The storage media available today makes the best use of stacking and allows for the optimum use of the cubic capacity of the available space. As most of this type of equipment is free standing we can change it as future requirements change, with minimum disruption.
The most space should be allocated for operations, storage and throughput activities. The least space should be given up for administrative functions such as offices, rest areas, pallets storage, vehicle parking, battery charging, etc.
TIP: Get the best use of vertical space that you can
What is the right layout for you? Compare a range of warehouse layout configurations to find one that fits in principle. Consider multiple equipment/ process options and produce a high-level cost/benefit analysis for each. The next step is to create drawings to illustrate the best solutions and from each one, develop capital and operating cost schedules for each one before settling on a preferred option.
The best designs possess the qualities of flexibility and scalability. Your fulfilment requirements can change unexpectedly. If the only option available is an expensive re-configuration, throughput will suffer and business will be impacted.
Figure 1: A possible warehouse layout diagram.
TIP: Research successful warehouse layouts in your industry
Travelling time is an issue in an efficient warehouse layout. More than half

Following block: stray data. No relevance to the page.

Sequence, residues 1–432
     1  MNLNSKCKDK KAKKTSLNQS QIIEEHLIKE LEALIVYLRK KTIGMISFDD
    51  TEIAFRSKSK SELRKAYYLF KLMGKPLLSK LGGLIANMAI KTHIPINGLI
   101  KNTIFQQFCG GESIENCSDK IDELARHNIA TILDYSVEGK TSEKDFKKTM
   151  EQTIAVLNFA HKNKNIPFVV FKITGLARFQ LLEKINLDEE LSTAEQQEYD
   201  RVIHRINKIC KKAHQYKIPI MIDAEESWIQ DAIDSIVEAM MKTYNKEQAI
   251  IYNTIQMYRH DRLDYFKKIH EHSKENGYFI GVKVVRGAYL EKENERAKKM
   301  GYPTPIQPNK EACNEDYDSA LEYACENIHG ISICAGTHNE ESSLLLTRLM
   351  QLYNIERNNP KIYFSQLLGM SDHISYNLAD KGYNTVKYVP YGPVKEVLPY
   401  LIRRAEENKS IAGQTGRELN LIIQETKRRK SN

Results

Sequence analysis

of total labour time is spent on walking from one point to another which impacts productivity negatively. An effective layout helps to reduce distances between activities and therefore limits foot traffic.
The choice of the right systems and technology, both manual and automated, for a new or revamped warehouse may require some external expertise. The sheer amount of software and hardware solutions available is extensive and the wrong choice could be expensive in both finances and time wasted.
Step 4: Be aware of the pitfalls
Lack of proper warehouse planning can lead to problems later. Some of the potential risks are:
- Choice of the wrong materials handling equipment and storage media
- Overspending on installation and roll out costs
- Poor technology selection and difficulties in implementation
- Lack of capacity to meet business growth over the medium term
- Errors in order fulfilment leading to service disruption to customers
- Low labour productivity
As Dr Peter Baker says, implementation has got to be planned in minute detail like a military operation – otherwise, things can go badly wrong. He feels strongly that the warehouse has got to be an integral part of the overall business solution. “Your supply chain is serving the market place and the warehouse is an integral part of that. And that is how it has got to be measured; not measured in isolation with regards performance, but measured as regards to the contribution to overall business performance”, he says.
One Last Thing
When designing a warehouse, don’t forget what happens on the site outside the building. Consider the flow of vehicles in and out of the yard, queueing and parking facilities for both trucks and trailers. Remember the employees and visitors; they need safe pedestrian walkways and a place to park their cars.